The supplication prayers in the songs were exhibited by the lyric line that states:
“Ka ma mosi ka to lo laye”
“Ka ma se won, ka to lo laye”
The song decried the idea of crassness and flamboyant lifestyle, while emphasizes simplicity and refinement. “Easy Motion Tourist” is also a song that depicts power struggles, human psychology as I earlier mentioned. It tells the story of a locked-up landowner son called “Omo oni le” who was in a state of unhappiness because he was caught off-guard by unscrupulous, evil-minded people who took possession of his willed large estate. The turbulence that followed led to the coup de grace of “Omo Oni le.”
“Easy Motion Tourist” was narrated through an eyewitness who experienced nightmares; he kept on recalling the traumatic experience of witnessing a “wounded” man, “Omo Onile,” who lost a battle.
“Easy Motion Tourist” song encapsulates our vivid imagination. It is a song that also tackled issues of fertility and fruitfulness, the powerful message of the song was also illustrated by the usage of the bird (DUCK) called “Pepeye” in Yoruba language to conveyed the musical story. In the song we learned that “Pepeye” were special breed of birds noted for their fecundity in the absence of natural predators, they multiply well. They eat well, swim well. However, “Pepeye” floundered to sleep at night.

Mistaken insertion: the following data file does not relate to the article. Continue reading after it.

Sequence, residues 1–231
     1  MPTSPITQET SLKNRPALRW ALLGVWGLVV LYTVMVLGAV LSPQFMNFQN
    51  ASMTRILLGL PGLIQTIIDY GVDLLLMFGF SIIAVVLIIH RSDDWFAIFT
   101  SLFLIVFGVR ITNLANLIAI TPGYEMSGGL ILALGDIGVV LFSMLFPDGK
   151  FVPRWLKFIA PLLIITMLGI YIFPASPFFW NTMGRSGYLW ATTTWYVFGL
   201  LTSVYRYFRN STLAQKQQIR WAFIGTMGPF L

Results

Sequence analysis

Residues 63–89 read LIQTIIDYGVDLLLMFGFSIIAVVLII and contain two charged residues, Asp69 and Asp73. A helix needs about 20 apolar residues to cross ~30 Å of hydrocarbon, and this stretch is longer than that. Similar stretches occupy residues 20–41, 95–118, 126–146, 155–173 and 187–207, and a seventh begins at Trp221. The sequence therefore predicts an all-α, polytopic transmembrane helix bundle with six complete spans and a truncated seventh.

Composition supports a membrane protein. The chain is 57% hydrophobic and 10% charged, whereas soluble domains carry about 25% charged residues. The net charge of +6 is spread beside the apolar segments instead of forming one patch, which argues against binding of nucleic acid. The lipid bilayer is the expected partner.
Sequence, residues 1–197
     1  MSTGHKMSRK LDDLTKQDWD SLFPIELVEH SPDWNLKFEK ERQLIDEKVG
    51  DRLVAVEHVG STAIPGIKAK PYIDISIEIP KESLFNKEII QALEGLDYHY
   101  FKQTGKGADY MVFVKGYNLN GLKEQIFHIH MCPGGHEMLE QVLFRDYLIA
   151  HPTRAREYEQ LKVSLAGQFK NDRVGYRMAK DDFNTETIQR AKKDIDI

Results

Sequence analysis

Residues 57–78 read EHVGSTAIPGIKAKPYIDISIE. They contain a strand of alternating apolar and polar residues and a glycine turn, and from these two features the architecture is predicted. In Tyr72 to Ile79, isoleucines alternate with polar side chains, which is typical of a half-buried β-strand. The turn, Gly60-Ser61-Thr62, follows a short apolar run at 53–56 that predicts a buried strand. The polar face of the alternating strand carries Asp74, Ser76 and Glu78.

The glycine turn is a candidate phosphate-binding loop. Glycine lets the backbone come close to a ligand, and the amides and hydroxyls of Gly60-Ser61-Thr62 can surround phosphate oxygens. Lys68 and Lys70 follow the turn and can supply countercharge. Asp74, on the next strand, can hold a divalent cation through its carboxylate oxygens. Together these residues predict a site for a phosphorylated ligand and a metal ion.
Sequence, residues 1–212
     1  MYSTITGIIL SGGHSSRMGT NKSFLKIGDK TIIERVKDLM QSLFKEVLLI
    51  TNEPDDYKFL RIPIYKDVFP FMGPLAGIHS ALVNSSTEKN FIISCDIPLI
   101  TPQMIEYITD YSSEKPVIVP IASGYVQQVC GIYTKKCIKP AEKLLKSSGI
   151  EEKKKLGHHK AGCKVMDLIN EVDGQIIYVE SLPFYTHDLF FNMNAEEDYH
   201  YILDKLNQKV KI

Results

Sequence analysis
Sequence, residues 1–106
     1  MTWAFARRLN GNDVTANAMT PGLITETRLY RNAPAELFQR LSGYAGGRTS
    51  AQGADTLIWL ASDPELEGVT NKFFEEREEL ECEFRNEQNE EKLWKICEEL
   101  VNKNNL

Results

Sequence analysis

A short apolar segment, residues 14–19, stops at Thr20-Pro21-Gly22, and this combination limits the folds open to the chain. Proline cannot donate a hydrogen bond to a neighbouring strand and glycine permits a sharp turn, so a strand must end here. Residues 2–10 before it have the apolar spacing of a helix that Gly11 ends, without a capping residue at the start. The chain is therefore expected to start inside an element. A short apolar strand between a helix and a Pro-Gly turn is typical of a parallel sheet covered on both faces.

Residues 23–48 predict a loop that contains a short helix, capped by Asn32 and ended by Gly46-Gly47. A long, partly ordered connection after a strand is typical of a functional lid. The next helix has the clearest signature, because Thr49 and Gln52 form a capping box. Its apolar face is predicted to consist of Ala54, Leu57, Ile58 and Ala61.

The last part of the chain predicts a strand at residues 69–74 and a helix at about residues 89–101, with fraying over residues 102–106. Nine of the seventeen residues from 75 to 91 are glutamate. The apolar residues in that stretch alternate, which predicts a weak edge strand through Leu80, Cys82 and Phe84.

“Pepeye” in “Easy Motion Tourist” song is a “Phantom Duck” and it was an introspective, futuristic adventure about danger and difficult path of human being.
The two other greatest songs of Fatai Rolling Dollar were “Won Ke re Si Number Wa” (“They Cannot Match Us”) and “She Go Run Away/ Omo Lere Aiye.”
“Won Kere Si Number Wa” is a song arguing for generational superiority. Rolling Dollar criticized the new generation who entered the workforce and wanted to advance their causes and shake things up, but who lacked work ethics and possessed different values and attitudes that potentially caused conflict between them and the older generation, who berated the new generation for their lack of ingenuity and productivity.
“She Go Run Away” on the other hand is a song about superficial love and a materialistic girlfriend, and the only way to deal with her is to cut her off from your resources and see if she still sticks around.
“Omo Lere Aiye” is a song about the importance of children and impassionate appeal against abortion.
Fatai Rolling Dollar was a natural singer who practiced a relaxed style of the “Toy Motion Sound,” a progressive and sophisticated Juju music style that was prevalent in the 1950s that eschewed pandering to the conventional and popular trend. He was a contemporary of Ayinde Bakare, Julius Araba and Olaseni Tejuoso among others. Their music was not meant for the “illiterates.”
Rolling Dollar’s music was about journeys, philosophy, thinking, and ideals. His music demonstrated metaphoric paradigms about struggle, poverty that he himself experienced, and the ups and down of life in general.
Born in Lagos on July 22, 1926, Alhaji Abdul Fatai Olayiwola Olagunju hailed from Ede in Osun State. The name “Rolling Dollar” was a nickname that was coined around 1937, when Fatai would always roll a silver dollar piece at the coin toss in soccer matches in his school in Lagos, Nigeria.
Finally, Fatai Rolling Dollar songs were alluring, they refresh the spirits, and they were emotional fervor that created a catharsis by purging the soul. He was a diehard musician who continued to work till death. His legacy as one of the trailblazers and exponents of Highlife and Juju music in West Africa is already secured.